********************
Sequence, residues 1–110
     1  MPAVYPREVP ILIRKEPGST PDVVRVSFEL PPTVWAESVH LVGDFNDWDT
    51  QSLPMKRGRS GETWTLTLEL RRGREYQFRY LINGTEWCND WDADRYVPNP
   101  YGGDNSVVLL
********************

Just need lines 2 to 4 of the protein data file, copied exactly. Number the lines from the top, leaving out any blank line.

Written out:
     1  MPAVYPREVP ILIRKEPGST PDVVRVSFEL PPTVWAESVH LVGDFNDWDT
    51  QSLPMKRGRS GETWTLTLEL RRGREYQFRY LINGTEWCND WDADRYVPNP
   101  YGGDNSVVLL